"Courage" and "regulatory agency" are two descriptions not normally associated with each other. But the Kansas Department of Health and Environment's decision this month to turn down a permit for twin 700-megawatt coal-fired generators bears the mark of courage in the extreme.
It is, according to the Reuters news service, the first time a state has rejected a coal-fired power plant due to health concerns. Reuters described the decision as follows: "A dozen states have rejected plans for new coal-fired power, at least in part because of concerns over carbon dioxide (CO2) emissions. However, Kansas does not regulate carbon emissions and is believed to be the first state to tie CO2 to health risks and use that as the only stated reason for denying a required air permit."
The United States has been woefully slow in tying greenhouse-gas emissions to health risks. But state governments, at least, are starting to recognize the urgency of the situation even as the federal government lags way behind. Eight state attorneys general, including those on both coasts (California and New York), asked Kansas to dunk expansion plans for coal-fired energy because its resultant pollution would sour air quality nationwide.
Kansas' decision is significant in that state leaders killed a nearly $4 billion plant expansion that shorter-sighted advocates claimed was necessary to create jobs and provide cheap energy to local residents.
Sure, the plant would have done those things. But the long-term environmental degradation that it also would have caused would have done much more to harm the state's and the nation's economy than the short-term good created by those jobs and that lower-cost energy.
It's not so far-fetched to blame California's massive wildfires, at least in part, on man's seeming addiction to CO2 emissions. According to the Daily Green, a Web site for green consumers, "There were four times as many major wildfires between 1986 and 2004 as there were from 1970 to 1986, and a sixfold increase in the area of forest burned in the Western United States."
There are other major weather events, in the United States and elsewhere, that must give one pause. Remember Greece's aberrational forest fires this past June? Remember Texas' record floods? Have you lived through, as I have, the mid-Atlantic's devastating and costly drought this summer, or this summer's southwestern U.S drought?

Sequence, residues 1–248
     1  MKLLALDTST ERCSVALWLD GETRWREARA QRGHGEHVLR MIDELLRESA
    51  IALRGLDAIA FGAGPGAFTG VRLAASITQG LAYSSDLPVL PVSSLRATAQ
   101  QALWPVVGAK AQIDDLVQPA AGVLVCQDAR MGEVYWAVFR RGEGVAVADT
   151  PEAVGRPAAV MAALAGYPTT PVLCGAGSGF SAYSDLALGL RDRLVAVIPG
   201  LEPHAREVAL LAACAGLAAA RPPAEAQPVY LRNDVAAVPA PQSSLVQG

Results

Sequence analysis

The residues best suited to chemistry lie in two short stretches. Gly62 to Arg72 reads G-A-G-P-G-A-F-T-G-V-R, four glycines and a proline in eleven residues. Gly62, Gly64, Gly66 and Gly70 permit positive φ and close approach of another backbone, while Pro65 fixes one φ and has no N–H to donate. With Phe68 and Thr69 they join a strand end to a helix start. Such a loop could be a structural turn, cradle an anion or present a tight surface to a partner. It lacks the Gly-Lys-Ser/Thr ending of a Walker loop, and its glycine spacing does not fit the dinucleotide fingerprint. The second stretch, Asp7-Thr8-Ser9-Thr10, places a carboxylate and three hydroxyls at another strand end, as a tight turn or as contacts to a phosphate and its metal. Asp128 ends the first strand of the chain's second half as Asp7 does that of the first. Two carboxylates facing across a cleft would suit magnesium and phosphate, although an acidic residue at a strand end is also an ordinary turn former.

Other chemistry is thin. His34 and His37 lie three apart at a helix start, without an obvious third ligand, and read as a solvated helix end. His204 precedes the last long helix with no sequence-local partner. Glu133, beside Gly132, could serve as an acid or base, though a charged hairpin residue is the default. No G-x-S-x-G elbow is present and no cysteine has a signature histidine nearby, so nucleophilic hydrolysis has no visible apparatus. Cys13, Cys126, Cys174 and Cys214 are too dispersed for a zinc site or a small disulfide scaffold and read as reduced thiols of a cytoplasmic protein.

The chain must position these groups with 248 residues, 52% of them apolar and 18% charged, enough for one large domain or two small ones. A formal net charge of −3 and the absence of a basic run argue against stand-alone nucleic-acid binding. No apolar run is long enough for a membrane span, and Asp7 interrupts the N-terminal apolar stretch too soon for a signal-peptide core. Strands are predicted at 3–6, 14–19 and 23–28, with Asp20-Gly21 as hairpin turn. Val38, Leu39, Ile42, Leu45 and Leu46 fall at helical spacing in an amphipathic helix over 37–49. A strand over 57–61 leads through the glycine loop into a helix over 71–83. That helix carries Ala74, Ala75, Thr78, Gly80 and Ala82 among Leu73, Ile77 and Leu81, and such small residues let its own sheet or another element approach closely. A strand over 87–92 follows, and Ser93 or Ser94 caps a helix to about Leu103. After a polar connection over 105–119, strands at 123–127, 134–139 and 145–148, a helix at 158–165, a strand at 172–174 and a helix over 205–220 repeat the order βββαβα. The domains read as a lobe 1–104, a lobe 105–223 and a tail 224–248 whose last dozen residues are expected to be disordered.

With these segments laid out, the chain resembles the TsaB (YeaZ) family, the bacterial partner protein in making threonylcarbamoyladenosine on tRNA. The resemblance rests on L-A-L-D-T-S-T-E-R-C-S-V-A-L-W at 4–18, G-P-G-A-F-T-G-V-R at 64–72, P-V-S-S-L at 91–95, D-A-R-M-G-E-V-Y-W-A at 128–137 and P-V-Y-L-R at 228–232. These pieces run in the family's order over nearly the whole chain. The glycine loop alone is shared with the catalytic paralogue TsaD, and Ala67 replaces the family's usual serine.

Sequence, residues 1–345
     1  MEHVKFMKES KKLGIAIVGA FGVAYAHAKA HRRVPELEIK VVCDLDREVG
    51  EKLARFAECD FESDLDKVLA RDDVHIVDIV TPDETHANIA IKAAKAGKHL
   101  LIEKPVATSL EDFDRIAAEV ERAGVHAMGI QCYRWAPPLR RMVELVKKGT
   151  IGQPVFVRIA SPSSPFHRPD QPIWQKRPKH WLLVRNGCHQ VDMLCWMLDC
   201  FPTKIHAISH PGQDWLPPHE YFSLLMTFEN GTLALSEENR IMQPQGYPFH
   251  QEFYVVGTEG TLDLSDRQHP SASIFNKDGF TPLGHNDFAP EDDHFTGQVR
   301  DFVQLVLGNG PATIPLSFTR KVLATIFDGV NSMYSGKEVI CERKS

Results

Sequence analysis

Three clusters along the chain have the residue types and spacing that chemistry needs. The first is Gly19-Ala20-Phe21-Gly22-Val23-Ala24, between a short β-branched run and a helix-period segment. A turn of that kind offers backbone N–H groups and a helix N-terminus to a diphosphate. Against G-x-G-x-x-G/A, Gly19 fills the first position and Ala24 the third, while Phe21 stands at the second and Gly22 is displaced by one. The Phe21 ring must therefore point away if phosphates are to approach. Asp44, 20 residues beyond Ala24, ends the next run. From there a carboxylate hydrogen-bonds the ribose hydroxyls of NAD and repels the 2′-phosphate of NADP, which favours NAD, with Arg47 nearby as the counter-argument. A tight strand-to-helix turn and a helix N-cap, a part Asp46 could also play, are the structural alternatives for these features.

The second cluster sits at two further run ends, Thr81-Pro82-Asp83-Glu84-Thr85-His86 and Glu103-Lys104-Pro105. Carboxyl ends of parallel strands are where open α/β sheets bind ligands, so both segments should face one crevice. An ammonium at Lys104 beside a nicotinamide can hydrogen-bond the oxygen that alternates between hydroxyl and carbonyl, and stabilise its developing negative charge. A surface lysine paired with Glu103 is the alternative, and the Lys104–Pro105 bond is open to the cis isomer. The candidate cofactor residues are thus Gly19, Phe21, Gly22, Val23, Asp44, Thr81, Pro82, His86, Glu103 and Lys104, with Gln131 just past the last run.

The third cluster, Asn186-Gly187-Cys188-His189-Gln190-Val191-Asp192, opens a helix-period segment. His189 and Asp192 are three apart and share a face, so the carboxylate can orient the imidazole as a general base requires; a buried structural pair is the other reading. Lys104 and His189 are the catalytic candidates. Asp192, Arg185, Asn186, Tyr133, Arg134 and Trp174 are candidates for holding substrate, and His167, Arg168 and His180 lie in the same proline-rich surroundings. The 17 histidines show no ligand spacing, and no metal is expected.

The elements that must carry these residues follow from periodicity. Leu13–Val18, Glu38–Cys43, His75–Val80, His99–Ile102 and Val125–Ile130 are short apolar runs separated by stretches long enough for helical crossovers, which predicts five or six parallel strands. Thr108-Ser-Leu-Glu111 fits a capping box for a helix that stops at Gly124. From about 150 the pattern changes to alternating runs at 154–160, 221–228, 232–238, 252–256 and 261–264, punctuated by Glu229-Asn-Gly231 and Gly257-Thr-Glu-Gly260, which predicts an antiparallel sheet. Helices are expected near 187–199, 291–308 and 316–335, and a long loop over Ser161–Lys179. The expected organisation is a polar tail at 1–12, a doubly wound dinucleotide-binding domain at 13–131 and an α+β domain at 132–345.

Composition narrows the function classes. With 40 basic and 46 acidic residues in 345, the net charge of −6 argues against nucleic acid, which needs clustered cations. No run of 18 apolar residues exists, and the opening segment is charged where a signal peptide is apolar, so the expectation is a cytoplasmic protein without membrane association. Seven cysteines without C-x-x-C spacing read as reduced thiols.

None of these bizarre weather events, nor the California wildfires, can be pinned specifically on climate change. But the more weather "acts up" the more we have to wonder what's going on.
Commentator Mary Mostert, on the conservative Web site RenewAmerica.US/, tries to blame the Sierra Club and forest-preservation policies for California's wildfires. She writes: "It has been known for many years by those actually involved in the forests that the Sierra Club policies which became public policy in the 1990s under Bill Clinton would cause exactly the kinds of fires we are now experiencing. ... I identified the real culprit in the growing forest-fire problem in an article in 2002 titled, 'Our Burning Forests the Legacy of Radical Environmentalism."' Right, extra trees caused California's wildfires, not the Southwest drought.
Some anti-environmentalists take a scorched-earth approach toward climate change. Until the planet resembles a lunar landscape they'll continue denying that greenhouse gases have anything to do with bizarre weather patterns. By then we'll all be burning in a man-made hell on earth, instead of just those who deserve the roasting.Luckily for the rest of us, a growing number of state officials are getting religion and doing what they can to prevent man's contribution to climate change. Kansas' decision to nix its coal-fired plant is the latest in a string of rejections this year, including plants once planned for Texas, Florida, Oklahoma and Minnesota. Courage is on the way in. Denial is on the way out. There is hope for mankind.
Bonnie Erbe is a TV host and writes this column for Scripps Howard News Service. E-mail bonnieerbe@CompuServe.com.